Scientist have pinned down common gene variants that are linked to the most severe cases of COVID19 and the reason why some people get very sick and others show only mild symptoms. This discovery leads to discovery of existing drugs that could be repurposed to help sick patients.
In the midst of a global crisis, scientists are trying to solve an epistemologically intractable question. Defining whether a drug “works” has never been easy, a task vexed by methodological uncertainty, commercial pressures, statistical errors, or sometimes straight-out bad practices. Facing a new disease, researchers have to rethink what success even means. Is it lower mortality? Less disability upon recovery? Faster recovery? The answers are cryptic because the questions are just educated guesses.
Communist-run Cuba said this week that use of two drugs produced by its biotech industry that reduce hyper-inflammation in seriously ill COVID-19 patients has sharply curbed its coronavirus-related death toll.
Below is an updated list of 19 of the most-talked-about treatments for the coronavirus. While some are accumulating evidence that they’re effective, most are still at early stages of research. We also included a warning about a few that are just bunk.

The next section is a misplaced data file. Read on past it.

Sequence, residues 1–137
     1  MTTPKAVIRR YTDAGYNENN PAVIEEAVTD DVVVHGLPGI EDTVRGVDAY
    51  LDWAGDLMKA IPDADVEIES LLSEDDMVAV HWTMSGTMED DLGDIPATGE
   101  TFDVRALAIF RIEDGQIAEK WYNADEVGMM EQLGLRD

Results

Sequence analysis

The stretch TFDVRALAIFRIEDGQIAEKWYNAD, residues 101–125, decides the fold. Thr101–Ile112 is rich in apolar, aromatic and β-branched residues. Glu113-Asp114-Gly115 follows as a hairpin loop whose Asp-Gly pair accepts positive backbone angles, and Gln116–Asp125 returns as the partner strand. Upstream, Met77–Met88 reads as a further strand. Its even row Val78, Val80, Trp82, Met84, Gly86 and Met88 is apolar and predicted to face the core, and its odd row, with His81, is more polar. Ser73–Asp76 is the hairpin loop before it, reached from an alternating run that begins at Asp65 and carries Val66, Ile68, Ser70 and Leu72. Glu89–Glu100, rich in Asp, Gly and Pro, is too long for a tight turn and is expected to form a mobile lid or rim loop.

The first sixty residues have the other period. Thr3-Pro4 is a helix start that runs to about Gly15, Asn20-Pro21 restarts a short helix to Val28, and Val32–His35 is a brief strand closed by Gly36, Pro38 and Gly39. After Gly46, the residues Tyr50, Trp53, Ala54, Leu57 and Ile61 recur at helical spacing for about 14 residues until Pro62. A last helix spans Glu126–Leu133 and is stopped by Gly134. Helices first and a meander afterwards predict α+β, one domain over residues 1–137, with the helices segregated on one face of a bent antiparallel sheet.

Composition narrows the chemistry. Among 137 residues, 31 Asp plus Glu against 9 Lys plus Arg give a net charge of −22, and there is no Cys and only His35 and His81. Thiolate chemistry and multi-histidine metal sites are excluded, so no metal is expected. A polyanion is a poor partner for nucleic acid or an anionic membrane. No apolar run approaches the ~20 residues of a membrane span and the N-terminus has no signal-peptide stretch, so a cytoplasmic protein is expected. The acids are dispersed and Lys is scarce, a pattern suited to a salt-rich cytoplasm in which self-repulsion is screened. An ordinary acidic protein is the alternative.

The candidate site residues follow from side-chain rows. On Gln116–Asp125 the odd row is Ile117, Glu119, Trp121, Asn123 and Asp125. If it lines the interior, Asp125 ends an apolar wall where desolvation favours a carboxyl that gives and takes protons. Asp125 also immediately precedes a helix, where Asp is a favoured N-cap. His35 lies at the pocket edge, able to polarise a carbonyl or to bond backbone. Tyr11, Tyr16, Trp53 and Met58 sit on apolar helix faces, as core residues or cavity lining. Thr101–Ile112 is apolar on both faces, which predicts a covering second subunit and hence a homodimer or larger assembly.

A cheap and widely available drug can help save the lives of patients seriously ill with coronavirus. The low-dose steroid treatment dexamethasone is a major breakthrough in the fight against the deadly virus, UK experts say. The drug is part of the world's biggest trial testing existing treatments to see if they also work for coronavirus.
Why are there so few antivirals? The answer boils down to biology, and specifically the fact viruses use our own cells to multiply. This makes it hard to kill viruses without killing our own cells in the process.
On Wednesday, researchers announced that they had “positive data” in regards to a potential treatment for COVID-19. Clinical trials for Gilead Sciences’ antiviral drug remdesivir, which was developed to treat Ebola, showed a “clear-cut positive effect in diminishing time to recover,” according to Dr. Anthony Fauci, the director of the National Institute of Allergy and Infectious Diseases.
Read about effective discoveries in the fight against the coronavirus. The talk is technical and requires knowledge of medicine and chemistry, but it also offers some remedies to lesson the effects of coronavirus like antioxidants that protect excessive lung inflammaion.